A federal judge has rejected a lawsuit saying that the Merrimack Station coal-fired power plant in Bow was releasing too much hot water into the Merrimack River, violating its operating permit.

The ruling by Judge Joseph Laplante is very long – 86 pages – and dives deep into the question of how best to measure the effect on an ecosystem of an intermittent pollutant, examining issues of statistical analysis and sampling techniques. That’s a complicated issue that lies at the heart of a lot of environmental debates. The ruling is online here.

Like most power plants, Merrimack Station uses water to cool equipment as needed – that’s why so many power plants are built on rivers or coastlines. It releases heated water into the Hooksett Pool, a 5.8-mile long section of the river between Garvins Fall Dam and the Hooksett Dam. The question is whether too much water or water that is too hot has been released at times, harming fish and river’s ecosystem.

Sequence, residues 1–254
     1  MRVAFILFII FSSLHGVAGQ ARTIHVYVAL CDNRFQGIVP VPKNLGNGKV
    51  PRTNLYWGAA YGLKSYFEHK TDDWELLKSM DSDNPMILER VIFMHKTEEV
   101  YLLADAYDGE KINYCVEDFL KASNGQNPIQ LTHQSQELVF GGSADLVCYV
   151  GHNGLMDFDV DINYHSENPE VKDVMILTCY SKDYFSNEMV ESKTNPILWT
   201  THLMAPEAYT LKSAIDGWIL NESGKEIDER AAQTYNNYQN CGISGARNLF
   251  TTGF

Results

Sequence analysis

Laplante emphasizes in the suit that the burden of proof lay with the plaintiffs, The Sierra Club and Conservation Law Foundation, not with the EPA or the power plant, but that their evidence “falls far short of a preponderance” needed.

To a certain extent, circumstances have bypassed this suit. There’s a feeling that Merrimack Station’s days are numbered because it won’t get any capacity payments after 2025. It operates these days as a peaker plant, running only when power prices are very high because of demand spikes, and that’s a tough way to make a living if you’re a big, slow-to-fire-up coal plant.

The two small kerosene-fired “jet engine” turbines on site, which can power up very quickly in emergencies, did win payments from the capacity auction and are in much better financial shape.

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